At Sea,--Signaling a Passing Steamer
International travel became relatively commonplace in the years after the Civil War when passenger steamships carried American tourists and artists back and forth across the Atlantic. These vessels also delivered thousands of European immigrants to the port cities of the United States. Here Homer recorded the midocean passing of two steamers, described in the text:
Passing a ship at sea is always an exciting incident; the strange vessel, which you have never seen before, and will probably never see again, seems like an old friend to you. You watch its approach with welcoming eyes and regard it half sadly as it sweeps by and fades in the distance.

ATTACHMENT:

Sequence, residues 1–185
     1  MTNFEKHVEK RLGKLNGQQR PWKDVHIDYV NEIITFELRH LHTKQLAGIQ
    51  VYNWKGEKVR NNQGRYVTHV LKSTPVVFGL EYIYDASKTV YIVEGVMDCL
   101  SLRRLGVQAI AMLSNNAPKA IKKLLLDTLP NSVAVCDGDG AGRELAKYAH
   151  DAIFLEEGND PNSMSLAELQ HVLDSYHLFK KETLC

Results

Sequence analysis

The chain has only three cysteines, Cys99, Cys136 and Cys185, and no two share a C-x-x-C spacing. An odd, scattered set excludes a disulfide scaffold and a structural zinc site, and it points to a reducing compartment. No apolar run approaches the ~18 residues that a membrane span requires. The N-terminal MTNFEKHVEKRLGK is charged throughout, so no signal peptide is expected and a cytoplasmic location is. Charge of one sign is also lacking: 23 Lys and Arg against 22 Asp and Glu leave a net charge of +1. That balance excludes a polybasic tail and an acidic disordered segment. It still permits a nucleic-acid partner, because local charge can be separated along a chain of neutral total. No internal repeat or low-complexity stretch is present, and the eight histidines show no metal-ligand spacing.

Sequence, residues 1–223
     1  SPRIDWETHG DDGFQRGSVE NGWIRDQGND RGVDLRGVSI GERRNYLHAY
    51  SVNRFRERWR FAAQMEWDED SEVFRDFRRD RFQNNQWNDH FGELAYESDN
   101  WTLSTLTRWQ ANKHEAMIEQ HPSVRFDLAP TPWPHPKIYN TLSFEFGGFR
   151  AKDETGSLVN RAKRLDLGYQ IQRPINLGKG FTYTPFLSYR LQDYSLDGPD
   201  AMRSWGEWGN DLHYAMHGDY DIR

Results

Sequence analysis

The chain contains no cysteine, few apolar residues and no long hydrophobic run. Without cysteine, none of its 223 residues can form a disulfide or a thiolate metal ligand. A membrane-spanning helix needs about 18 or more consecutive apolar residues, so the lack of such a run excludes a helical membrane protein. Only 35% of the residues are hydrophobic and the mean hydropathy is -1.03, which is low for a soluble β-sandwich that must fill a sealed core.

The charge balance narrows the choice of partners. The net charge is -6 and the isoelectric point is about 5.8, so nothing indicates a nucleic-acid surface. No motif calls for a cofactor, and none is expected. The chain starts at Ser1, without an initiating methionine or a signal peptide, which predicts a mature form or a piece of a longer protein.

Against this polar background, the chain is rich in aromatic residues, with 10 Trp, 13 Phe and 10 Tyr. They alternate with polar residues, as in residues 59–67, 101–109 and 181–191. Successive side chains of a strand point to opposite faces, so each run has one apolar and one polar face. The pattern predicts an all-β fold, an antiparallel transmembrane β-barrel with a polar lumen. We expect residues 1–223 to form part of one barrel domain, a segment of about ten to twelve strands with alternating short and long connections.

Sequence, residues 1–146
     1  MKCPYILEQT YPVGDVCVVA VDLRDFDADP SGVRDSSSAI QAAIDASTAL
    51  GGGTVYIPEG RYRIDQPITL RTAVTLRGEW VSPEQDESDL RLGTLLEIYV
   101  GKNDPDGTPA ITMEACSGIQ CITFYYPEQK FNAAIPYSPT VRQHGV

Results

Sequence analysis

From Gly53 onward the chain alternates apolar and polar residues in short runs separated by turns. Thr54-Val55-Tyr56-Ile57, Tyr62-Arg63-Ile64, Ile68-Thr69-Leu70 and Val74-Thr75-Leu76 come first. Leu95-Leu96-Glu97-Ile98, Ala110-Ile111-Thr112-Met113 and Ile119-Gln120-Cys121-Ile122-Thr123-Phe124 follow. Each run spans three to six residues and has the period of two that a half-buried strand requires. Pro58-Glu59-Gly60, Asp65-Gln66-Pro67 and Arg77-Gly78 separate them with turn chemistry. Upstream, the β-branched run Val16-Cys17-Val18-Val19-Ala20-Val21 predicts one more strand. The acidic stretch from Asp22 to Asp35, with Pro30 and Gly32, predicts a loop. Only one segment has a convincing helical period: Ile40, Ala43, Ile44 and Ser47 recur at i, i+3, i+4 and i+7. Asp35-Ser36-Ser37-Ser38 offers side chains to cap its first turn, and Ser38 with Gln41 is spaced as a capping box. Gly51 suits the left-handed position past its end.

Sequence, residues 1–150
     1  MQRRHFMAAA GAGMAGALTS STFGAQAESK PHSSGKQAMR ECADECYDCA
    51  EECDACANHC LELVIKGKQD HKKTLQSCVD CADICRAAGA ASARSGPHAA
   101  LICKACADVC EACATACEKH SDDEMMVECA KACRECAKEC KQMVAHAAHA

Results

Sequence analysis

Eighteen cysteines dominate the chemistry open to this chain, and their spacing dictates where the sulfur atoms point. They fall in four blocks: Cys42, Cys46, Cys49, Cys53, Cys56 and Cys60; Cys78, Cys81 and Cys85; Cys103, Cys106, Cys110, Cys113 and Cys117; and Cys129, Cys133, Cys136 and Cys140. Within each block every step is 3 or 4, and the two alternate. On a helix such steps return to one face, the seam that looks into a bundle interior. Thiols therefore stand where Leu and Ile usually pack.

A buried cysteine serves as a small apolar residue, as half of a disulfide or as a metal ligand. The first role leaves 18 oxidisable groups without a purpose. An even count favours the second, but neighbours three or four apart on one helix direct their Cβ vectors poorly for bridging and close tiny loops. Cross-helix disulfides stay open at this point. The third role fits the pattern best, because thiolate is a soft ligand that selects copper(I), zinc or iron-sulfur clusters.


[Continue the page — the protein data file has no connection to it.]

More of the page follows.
Image: 9 1/4 x 12 1/8 in. (23.5 x 30.8 cm)
Sheet: 11 1/8 x 14 5/8 in. (28.3 x 37.1 cm)
Frame: 16 3/4 x 22 3/4 x 1 1/2 in. (42.5 x 57.8 x 3.8 cm) (show scale)
This item is not on view
Gift of Harvey Isbitts
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Winslow Homer (American, 1836-1910). At Sea,--Signaling a Passing Steamer, 1871. Wood engraving, Image: 9 1/4 x 12 1/8 in. (23.5 x 30.8 cm). Brooklyn Museum, Gift of Harvey Isbitts, 1998.105.169 (Photo: Brooklyn Museum, 1998.105.169_bw.jpg)
overall, 1998.105.169_bw.jpg. Brooklyn Museum photograph
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